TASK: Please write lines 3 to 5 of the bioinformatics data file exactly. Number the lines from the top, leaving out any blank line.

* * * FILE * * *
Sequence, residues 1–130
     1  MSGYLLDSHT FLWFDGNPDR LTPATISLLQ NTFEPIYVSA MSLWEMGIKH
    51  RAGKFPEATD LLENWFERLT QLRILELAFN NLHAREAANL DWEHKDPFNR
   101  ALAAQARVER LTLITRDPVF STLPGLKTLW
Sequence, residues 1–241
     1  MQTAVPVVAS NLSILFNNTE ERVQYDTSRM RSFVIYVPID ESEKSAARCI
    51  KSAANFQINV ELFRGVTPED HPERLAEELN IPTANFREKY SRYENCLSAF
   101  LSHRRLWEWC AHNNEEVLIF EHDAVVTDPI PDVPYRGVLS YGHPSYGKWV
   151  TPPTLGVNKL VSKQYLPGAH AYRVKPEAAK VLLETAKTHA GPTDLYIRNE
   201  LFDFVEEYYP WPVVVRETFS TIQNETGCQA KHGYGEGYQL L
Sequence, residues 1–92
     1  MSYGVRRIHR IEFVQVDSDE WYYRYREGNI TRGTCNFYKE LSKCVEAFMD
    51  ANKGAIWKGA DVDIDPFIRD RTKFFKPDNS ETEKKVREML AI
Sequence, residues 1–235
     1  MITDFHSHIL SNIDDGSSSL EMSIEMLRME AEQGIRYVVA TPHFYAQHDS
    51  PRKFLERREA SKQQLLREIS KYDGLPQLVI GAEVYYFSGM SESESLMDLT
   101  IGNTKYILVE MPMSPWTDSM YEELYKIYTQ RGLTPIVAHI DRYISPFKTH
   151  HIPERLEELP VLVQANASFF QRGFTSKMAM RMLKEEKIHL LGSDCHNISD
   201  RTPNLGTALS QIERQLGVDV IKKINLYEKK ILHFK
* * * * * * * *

    51  RAGKFPEATD LLENWFERLT QLRILELAFN NLHAREAANL DWEHKDPFNR
   101  ALAAQARVER LTLITRDPVF STLPGLKTLW
Sequence, residues 1–241